If there was ever an album that I was dying to find a remaster done for then it would most certainly be Crimson Glory's sophomore release Transcendence. Originally released by Roadrunner Records in 1988 this album is nothing less than a Progressive Metal masterpiece from beginning to end, and when Metal Mind Productions announced their plans on reissuing it I was very excited to say the least. The Florida band had been impressing fans of Progressive Metal for a couple of years now with an intense musical and visual presentation that began with their self titled debut album Crimson Glory. The band sported big hair and instruments and wore silver masks to conceal their faces but beyond the imagery we found out just how good they could play and it made the debut one of the strongest of its kind for the day. Transcendence takes us to the next logical step as the bands explorations into the realms that they first presented us with on their self-titled album grow ever more interesting and involved.
The album, while musically along the same lines as their first (thought perhaps a little more locked in and melodic), found one major change in their visuals. As the early photos demonstrate, the band wore full face silver masks and only singer Midnight had his mouth exposed in order to sing with more ease than having it covered. By the time Transcendence was released the band had discovered that performing with faces covered was quite hot and difficult to do so they would move to donning half face masks that were very reminiscent of something out of the Phantom of the Opera. Each of these new masks was slightly different from each other and with it I felt that it added new levels of drama to them as opposed to taking any of it away. Thinking back on the original album I remembered that I never owned this release on vinyl and instead had only been able to find it on cassette tape back in the day and according to research it had never been on CD until around 2001.

As an album this has remained one of my favorites for some twenty years and it's easy to see why when it begins as "Lady Of Winter" brings you into the bands new music. The heavy opener finds the band at the ready while singer Midnight sings at registers that would make glass break under normal circumstances. It's a great lead off to the bands heaviest number ever, "Red Sharks", with its thunderous double bass drums and riffs that make you reach for your nearest air guitar. The chorus is rather catchy here as well for a heavy number and that's not always the case. "Painted Skies" is a bit of a ballad and its imagery throughout the song both beautiful and sad. The bands first real ballad was the actually rocking number "Lonely". A video was done for this one and it remains the bands most popular song to this day in terms of its reach. Clearly the band was onto something with the way that they delivered the whole package. In 1988 we were finding the slow decline of Glam Rock and the beginnings of Grunge Rock and it was bands like Crimson Glory that were continuing the charge in a different manner alongside groups like Fates Warning and Queensryche. There fans were many and perhaps they were even inspiring new bands such as Dream Theater to some extent. "Masque Of The Red Death" deals with the epic story by Edgar Allan Poe and yes you do hear a lot of Iron Maiden's "Powerslave' track in this one. I never took it as a copycat thing but more as the two bands using the same Middle Eastern riff in their respective songs. The album comes in a nice digipak case and gives you the lyrics and photos to help you along with the music. The song-writing to me was much stronger this time around and the realms that the band was singing about and the emotions all the more enticing when it came down to it. Sadly, this would be the last album for drummer Dana Burnell and guitarist Ben Jackson who would choose to leave the group and pursue other things. With their replacements also came the abandoning of their signature masks and the continuation of the musical direction that many had grown fond of. Strange And Beautiful would be a very different album and receive very mixed opinions from their fans. It has also been reissued and remastered by Metal Mind Productions along with Astronomica, the bands final album. A bonus track, the single version of "Lonely" is included, but not the video which I think was a terrible omission.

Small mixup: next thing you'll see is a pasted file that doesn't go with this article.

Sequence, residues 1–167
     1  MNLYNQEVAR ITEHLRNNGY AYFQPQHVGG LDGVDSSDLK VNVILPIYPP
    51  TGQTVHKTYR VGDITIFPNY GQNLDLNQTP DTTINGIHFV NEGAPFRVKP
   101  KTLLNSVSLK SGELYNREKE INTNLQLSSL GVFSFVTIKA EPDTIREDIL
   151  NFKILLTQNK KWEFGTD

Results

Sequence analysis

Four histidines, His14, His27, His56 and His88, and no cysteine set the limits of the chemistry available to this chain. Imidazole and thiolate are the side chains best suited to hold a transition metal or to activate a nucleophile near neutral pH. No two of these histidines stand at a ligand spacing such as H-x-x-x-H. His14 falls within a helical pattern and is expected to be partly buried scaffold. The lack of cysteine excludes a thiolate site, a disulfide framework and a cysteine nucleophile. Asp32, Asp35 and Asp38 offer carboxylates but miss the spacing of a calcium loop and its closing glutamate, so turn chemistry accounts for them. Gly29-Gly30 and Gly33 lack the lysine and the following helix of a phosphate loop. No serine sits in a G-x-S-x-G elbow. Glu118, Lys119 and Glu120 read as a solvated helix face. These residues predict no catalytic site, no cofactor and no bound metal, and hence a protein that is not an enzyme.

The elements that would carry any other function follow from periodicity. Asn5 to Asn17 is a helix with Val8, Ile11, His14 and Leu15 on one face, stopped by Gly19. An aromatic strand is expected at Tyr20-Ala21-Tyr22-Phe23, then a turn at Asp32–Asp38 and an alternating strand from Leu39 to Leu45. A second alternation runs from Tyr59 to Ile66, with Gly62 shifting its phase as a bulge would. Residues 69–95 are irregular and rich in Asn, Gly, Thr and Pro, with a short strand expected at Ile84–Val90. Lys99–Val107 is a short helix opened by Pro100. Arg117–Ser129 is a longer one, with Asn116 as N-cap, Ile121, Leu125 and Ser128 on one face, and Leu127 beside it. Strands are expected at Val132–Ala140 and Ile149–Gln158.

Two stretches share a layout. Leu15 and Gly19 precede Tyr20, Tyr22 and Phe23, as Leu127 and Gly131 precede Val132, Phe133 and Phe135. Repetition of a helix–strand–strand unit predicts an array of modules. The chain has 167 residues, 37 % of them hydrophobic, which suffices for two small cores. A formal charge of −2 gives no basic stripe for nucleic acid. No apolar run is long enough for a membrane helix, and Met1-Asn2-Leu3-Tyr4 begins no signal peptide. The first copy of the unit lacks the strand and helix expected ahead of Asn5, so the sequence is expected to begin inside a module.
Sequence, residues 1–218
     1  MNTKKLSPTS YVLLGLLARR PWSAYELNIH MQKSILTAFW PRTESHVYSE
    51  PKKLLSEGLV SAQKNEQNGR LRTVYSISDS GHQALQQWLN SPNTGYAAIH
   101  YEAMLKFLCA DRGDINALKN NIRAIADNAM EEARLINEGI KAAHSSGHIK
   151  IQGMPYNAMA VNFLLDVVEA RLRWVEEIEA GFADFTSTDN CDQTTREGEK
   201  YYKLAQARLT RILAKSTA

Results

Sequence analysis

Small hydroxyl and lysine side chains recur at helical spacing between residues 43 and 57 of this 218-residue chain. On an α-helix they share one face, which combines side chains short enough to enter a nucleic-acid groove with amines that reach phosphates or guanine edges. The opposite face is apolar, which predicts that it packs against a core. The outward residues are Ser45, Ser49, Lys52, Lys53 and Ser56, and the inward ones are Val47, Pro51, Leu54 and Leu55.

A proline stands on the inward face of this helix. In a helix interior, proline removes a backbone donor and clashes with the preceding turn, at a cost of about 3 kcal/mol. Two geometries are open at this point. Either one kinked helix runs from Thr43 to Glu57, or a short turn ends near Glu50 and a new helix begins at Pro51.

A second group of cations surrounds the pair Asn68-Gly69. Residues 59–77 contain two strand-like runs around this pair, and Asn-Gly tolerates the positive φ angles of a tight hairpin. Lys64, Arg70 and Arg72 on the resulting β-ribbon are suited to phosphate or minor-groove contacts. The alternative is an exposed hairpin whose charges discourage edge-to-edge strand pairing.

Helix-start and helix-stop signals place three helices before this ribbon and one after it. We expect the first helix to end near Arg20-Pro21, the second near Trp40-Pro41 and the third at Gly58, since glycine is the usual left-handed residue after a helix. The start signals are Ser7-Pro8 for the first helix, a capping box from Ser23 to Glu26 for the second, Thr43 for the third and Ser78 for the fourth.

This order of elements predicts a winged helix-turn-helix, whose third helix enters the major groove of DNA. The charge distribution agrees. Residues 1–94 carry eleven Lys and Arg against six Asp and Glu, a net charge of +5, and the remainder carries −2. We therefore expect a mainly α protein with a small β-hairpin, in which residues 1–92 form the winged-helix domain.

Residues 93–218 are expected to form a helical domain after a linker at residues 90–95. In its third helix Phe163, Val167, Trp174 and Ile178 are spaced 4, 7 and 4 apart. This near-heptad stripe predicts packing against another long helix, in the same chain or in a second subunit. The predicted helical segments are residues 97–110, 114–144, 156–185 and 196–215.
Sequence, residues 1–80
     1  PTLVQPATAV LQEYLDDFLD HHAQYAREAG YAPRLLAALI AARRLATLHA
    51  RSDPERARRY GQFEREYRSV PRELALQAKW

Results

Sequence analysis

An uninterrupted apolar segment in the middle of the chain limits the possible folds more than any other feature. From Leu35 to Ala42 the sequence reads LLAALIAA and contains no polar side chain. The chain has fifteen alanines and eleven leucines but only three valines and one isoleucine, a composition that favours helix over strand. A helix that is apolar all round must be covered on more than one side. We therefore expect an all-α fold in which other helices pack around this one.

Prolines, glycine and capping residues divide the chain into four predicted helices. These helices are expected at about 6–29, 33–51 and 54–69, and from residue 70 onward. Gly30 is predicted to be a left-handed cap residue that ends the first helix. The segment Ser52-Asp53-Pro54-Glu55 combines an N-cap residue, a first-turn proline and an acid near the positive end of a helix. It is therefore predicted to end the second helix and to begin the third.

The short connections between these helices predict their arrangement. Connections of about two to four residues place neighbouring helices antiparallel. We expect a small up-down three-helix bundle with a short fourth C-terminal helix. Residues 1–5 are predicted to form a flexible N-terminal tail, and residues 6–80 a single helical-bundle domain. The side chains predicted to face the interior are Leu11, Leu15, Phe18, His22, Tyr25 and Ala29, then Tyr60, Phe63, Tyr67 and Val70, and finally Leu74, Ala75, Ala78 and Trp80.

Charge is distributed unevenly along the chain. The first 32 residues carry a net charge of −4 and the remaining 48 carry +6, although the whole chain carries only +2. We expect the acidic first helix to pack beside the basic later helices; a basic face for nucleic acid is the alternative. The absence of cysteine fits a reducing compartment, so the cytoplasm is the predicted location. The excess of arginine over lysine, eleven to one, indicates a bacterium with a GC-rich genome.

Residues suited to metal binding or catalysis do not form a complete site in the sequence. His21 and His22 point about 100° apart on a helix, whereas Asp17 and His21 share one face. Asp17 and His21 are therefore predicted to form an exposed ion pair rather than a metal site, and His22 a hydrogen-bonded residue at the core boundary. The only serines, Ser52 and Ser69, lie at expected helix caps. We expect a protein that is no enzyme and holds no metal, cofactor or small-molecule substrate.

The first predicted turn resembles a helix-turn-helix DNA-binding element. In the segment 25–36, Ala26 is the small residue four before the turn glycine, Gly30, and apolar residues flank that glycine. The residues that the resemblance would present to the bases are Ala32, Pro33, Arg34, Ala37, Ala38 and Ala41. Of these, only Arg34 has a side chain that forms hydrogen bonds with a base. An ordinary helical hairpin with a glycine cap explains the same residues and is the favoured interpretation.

Transcendence is a must have release for fans of Progressive Metal and especially those who have wondered about this particular band over the years. These special edition reissues are nice but I think a comprehensive boxed collection would be perfect since there were only four albums in total. Take your journey to dark places of an eternal world where dragons rule the painted skies for with Crimson Glory at your side you will never be lonely.

» Reader Comments:

Crimson Glory: Transcendence
Posted by Carlos Canales Vega on 2007-09-13 09:42:37
My Score:

I agree with everything.Just to add my opinion: Highly Recommended!
I wish a remastered version comes up someday.